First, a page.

2019 was a whirlwind year for biosimilars, highlighted by a record 10 U.S. Food and Drug Administration (FDA) approvals and increased uptake and utilization rates by payers. As former FDA Commissioner Scott Gottlieb observed, despite the significant challenges the U.S. biosimilars market faces, the “value proposition and the opportunities when it comes to biosimilars” is unparalleled, and stakeholders must continue to work in concert to fulfill their promise to increase access and savings for America’s patients.
U.S. Department of Health and Human Services Secretary (HHS) Alex Azar echoed this sentiment during AAM’s Access! 2019 conference saying, “Biologic drugs, today, represent almost 40 percent of prescription drug spending. The challenges are real, but so is the potential for [biosimilar] competition and savings.”
2019 – A Watershed Year for Biosimilars Education
The European Union has more than 700 million patient days of safe and efficacious biosimilar use. To elevate the European biosimilars experience, the Biosimilars Council partnered with the International Generics and Biosimilars Association to launch an educational video campaign that addresses the underlying science behind originator biologic and biosimilar development and approval in easy-to-understand terms for prescribers and patients.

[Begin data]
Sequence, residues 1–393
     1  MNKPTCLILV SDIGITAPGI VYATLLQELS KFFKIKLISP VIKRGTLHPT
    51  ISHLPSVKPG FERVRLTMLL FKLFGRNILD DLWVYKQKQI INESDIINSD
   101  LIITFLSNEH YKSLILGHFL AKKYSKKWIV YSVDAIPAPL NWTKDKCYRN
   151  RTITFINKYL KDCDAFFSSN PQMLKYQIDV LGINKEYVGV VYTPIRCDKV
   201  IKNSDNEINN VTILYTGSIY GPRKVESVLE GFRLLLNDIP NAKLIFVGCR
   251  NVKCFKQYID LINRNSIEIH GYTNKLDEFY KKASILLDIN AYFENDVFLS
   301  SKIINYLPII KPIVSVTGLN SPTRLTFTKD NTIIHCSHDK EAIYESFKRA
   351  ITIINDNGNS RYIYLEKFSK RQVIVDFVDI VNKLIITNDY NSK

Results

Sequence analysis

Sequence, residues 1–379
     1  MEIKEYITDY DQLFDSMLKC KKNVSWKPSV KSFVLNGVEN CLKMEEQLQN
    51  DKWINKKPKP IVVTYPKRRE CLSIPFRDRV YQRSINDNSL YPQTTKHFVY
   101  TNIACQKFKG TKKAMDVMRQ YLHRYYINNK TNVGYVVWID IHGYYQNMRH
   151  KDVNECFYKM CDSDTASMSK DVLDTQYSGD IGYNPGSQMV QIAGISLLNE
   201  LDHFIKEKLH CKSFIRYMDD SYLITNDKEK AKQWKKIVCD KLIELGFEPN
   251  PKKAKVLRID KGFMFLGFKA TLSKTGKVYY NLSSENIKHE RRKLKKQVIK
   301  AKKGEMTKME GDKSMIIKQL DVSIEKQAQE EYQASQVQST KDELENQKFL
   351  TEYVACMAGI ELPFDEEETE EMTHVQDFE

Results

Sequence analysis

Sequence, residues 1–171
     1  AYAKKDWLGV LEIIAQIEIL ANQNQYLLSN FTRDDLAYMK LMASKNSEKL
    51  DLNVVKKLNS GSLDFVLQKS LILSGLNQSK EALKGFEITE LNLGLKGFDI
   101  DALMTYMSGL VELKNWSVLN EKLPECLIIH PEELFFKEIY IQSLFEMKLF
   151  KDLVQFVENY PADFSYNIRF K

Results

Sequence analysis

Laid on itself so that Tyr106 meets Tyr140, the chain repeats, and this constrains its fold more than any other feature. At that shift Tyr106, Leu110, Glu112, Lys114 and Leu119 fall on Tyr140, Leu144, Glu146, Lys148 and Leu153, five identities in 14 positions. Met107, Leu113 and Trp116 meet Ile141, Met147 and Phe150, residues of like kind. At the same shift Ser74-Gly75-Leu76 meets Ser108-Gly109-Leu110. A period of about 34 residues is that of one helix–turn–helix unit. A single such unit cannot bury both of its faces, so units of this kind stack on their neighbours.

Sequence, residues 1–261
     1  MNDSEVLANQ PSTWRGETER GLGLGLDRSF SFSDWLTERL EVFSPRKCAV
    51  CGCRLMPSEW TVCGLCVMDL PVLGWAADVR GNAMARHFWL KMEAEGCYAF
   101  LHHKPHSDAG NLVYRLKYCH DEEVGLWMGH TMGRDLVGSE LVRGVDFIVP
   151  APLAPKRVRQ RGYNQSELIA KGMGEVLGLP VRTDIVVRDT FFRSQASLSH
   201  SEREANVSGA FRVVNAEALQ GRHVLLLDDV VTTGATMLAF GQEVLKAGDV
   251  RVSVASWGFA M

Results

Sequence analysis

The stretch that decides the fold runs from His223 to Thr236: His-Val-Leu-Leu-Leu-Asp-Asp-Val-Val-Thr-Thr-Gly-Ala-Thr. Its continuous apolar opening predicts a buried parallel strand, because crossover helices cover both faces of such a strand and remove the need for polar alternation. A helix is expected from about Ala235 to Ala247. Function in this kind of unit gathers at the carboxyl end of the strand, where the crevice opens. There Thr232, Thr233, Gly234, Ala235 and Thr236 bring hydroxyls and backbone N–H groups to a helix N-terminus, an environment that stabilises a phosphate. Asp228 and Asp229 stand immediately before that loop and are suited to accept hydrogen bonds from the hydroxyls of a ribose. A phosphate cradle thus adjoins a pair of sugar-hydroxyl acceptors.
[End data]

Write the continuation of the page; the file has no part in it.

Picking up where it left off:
In June, Kaiser Permanente Medical Group Internal Medicine Physician and Associate Executive Director Sameer Awsare, M.D., sat down with the Biosimilars Council to talk about biosimilars, their benefits and the hurdles to adoption in the U.S. He also answered common stakeholder questions related to this innovative class of medicine from his unique provider perspective:
- What is a biosimilar?
- Are biosimilars safe?
- Will increased biosimilar use benefit the U.S. health care system?
2019 also saw the Biosimilars Council launch its Member Spotlight series, first featuring Hillel Cohen, M.D., Executive Director, Scientific Affairs, Sandoz, Inc. Dr. Cohen shared his thoughts on increasing patient access to biosimilars through stakeholder engagement and education.
Dr. Cohen discussed how misguided FDA policy related to the naming of biosimilars and a lack of clarity from the agency on what it means when a biosimilar is “interchangeable” has led to stakeholder confusion and slowed uptake and utilization by providers and patients alike.
You can watch the full conversation with Dr. Cohen here.
Interested in learning more about interchangeability? Watch our video, Interchangeability 101.